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Nurse, patient bond over treatment Posted 12/15/2013

by Mike Lee Staff Writer

After a breast cancer diagnosis, Amber Dobbins-Nitzel walked into ProCure Proton Therapy Center in Edmond ready to put her life in someone else’s hands.
As far as she’s concerned, Shari Arceneaux, RN, was the perfect person to take over that responsibility.
Dobbins-Nitzel is a 37-year-old single mom raising her 10-year-old daughter while battling breast cancer. Following a 5K run in Nov. 2012, Nitzel found a lump and immediately saw a doctor the next week. The day after Thanksgiving, surrounded by family, she got the biopsy results that confirmed she had breast cancer.
Though the cancer was only in one breast, she chose to do a bilateral mastectomy followed by aggressive chemotherapy and radiation therapy at ProCure – all of it so she can be there for her daughter for years to come.
Dobbins-Nitzel received her first dose of radiation June 27. She walked in two weeks prior just hoping for the best outcome.
“Everybody was very nice and helpful. You can ask any questions. I had millions of questions and they make you feel right at home,” Dobbins-Nitzel said. “I just needed them to help me through this.”
That’s where Arceneaux came in.
“I want to make sure she knows exactly what she’s going to experience herself as a person each day she is here so I can alleviate any anxiety or fear so she can know ahead of time how she’s going to feel,” Arceneaux.
Dobbins-Nitzel has completed 28 rounds of proton radiation and is finishing up 10 treatments for scarring.
With 10 years of experience at INTEGRIS Canadian Valley Hospital, Dobbins-Nitzel came in to her illness with a better understanding than most.
“We’re family and this is like extended family,” she said.
Arceneaux has worked at ProCure for 16 months and has 25 years as a nurse.
As a former pediatric nurse at OU Children’s Hospital, Arceneaux jumped at the chance to get better hours for her and her family. The medicine blew her way.
“I say I fell into it but I know better than that. I know that’s where I was supposed to be,” she said.
ProCure Proton Therapy Center began treating breast cancer earlier this year. One of the first patients who recently completed treatment is Dobbins-Nitzel.
Through a quarter of a century in nursing, Arceneaux has learned strategies to help her patients.
“They come in a variety of stages and a variety of different support systems and different life experiences which colors the the state they come to us. I was drawn to Amber because of her age. She’s younger than I am but I’m not that much older than she is,” Arceneaux. “And the fact she has worked in the medical field helps her. Sometimes as a nurse I try to determine where my patient is coming from  when I met Amber she had already had her double mastectomy and her chemotherapy. She had already had a large dose of medicine and treatment. Based on what she had already experienced and her own knowledge she had a lot of knowledge but it’s our job to meet her where she is.”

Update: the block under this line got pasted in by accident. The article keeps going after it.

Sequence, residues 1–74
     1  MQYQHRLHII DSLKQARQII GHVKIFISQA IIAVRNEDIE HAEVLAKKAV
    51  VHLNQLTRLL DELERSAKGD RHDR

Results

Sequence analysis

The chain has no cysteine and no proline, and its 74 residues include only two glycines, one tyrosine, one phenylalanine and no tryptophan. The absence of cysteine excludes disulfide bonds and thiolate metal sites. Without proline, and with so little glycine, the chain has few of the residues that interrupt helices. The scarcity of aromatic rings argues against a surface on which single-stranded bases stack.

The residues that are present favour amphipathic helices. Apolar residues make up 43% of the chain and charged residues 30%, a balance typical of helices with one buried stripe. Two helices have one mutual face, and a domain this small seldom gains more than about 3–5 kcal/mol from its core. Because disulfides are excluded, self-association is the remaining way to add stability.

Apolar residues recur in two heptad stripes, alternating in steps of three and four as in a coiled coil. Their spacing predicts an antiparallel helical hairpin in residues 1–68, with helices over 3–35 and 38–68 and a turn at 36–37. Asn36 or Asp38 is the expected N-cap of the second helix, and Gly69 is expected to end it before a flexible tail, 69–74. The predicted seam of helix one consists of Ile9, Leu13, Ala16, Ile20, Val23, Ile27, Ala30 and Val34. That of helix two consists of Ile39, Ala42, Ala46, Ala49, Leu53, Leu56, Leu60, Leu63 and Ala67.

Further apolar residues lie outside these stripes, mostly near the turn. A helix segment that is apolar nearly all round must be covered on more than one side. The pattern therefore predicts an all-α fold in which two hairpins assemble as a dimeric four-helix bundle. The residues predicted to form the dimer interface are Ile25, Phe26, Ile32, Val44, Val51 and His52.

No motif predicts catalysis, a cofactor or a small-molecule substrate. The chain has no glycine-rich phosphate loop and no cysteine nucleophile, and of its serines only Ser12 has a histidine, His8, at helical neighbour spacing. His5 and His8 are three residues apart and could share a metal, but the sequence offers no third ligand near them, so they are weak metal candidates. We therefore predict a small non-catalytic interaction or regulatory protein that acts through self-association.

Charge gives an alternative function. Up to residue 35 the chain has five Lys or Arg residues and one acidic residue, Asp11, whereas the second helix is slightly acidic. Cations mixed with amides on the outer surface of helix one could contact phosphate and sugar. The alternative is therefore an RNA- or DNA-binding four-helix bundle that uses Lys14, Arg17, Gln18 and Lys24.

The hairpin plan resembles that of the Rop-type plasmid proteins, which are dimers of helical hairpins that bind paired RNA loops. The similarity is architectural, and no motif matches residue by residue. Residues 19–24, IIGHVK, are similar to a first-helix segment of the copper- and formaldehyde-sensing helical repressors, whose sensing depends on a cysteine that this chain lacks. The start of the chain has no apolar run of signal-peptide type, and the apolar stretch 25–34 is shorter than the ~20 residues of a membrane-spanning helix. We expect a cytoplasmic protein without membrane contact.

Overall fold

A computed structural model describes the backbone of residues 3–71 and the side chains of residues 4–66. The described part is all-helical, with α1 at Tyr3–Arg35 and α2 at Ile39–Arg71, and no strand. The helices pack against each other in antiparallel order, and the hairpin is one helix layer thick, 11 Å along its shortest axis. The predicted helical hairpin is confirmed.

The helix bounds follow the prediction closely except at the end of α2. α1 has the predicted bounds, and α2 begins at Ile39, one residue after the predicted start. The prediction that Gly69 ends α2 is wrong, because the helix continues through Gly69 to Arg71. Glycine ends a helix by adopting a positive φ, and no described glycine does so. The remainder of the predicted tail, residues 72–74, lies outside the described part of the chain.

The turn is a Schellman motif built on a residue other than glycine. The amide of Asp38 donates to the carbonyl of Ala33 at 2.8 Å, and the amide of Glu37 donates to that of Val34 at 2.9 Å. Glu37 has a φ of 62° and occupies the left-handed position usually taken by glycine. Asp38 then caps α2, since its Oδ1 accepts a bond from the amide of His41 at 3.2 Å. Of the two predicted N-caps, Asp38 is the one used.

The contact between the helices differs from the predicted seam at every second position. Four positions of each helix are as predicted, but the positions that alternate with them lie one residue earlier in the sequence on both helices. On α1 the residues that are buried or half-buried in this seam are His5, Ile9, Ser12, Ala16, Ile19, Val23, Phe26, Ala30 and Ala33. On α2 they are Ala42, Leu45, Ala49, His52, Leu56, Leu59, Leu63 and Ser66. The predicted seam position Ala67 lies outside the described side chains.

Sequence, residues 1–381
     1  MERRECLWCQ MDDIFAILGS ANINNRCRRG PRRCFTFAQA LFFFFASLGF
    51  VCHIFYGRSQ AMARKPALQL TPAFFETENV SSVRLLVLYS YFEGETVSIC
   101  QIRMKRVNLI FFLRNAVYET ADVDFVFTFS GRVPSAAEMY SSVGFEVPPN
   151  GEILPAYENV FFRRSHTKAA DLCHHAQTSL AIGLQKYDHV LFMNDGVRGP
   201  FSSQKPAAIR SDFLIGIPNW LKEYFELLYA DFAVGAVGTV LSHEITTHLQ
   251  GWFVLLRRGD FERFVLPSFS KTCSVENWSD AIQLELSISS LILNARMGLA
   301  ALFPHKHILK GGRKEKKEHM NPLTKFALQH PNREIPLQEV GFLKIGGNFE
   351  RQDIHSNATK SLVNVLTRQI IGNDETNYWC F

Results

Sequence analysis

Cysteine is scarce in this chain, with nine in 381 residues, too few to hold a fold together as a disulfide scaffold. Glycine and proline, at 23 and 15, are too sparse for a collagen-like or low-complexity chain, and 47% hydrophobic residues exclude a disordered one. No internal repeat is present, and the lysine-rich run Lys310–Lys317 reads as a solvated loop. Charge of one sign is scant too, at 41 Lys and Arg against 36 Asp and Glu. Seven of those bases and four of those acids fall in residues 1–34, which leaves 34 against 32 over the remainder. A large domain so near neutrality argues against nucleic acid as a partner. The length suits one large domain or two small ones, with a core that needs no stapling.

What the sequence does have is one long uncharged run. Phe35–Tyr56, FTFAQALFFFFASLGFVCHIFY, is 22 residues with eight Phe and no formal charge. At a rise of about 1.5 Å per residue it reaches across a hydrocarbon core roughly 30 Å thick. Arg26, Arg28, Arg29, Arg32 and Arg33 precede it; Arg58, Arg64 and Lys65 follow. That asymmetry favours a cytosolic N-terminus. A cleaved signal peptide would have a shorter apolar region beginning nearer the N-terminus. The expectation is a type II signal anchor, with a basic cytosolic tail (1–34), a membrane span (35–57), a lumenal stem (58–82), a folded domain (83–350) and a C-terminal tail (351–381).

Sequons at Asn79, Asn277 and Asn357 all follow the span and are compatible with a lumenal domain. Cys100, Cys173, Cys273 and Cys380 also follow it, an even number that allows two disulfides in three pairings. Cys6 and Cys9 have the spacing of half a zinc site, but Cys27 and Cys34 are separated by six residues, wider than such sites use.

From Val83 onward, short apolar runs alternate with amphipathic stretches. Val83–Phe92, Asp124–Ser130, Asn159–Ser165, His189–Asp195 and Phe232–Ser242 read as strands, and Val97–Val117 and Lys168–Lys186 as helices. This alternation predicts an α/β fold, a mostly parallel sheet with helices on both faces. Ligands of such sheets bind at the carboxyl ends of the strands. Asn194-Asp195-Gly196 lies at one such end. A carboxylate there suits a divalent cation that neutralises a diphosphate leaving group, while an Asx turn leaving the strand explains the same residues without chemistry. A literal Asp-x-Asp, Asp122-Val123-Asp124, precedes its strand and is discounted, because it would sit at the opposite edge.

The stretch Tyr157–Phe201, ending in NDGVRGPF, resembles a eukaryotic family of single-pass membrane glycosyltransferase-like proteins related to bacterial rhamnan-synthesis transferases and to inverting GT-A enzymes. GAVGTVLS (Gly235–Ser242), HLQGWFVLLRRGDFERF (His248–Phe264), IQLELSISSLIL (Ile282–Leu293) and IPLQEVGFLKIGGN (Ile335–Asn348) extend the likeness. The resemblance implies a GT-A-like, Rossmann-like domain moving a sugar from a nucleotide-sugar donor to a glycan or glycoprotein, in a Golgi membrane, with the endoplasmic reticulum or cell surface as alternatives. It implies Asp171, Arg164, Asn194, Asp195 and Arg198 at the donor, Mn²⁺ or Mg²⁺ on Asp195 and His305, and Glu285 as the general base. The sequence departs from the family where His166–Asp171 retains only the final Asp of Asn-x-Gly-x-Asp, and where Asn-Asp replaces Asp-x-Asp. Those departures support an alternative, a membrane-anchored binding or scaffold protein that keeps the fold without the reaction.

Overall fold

Where she was and where she is now are vastly different for Dobbins-Nitzel.
“It makes me stronger and appreciate life more,” she said through tears. “I just never thought I would be a patient going through something like this.”
Proton therapy is an alternative form of radiation therapy that more accurately targets the tumor and spares the surrounding healthy tissue, resulting in fewer short- and long-term side effects. There are only 12 proton centers in the nation, and ProCure is currently the only one in Oklahoma.
One benefit of treating breast cancer with proton therapy rather than with other forms of radiation therapy is that the heart and lungs get significantly less radiation exposure resulting in a decreased risk for heart and lung disease later in life.
For a young mother like Nitzel, that was all she needed to know to choose proton therapy.
As a pre-admission specialist,  it’s Dobbins-Nitzel’s job to make sure surgery patients are ready for what comes next.
She’s found herself keeping track of cancer patients who come through and asking a lot more questions now.
“I didn’t know the variety of different breast cancers,” she said.
The curiosity has led her to thinking more about her future. She hopes to enroll in nursing schools at Redlands Community College soon.

After a breast cancer diagnosis, Amber Dobbins-Nitzel walked into ProCure Proton Therapy Center in Edmond ready to put her life in someone else’s hands.
After a breast cancer diagnosis, Amber Dobbins-Nitzel walked into ProCure Proton Therapy Center in Edmond ready to put her life in someone else’s hands.
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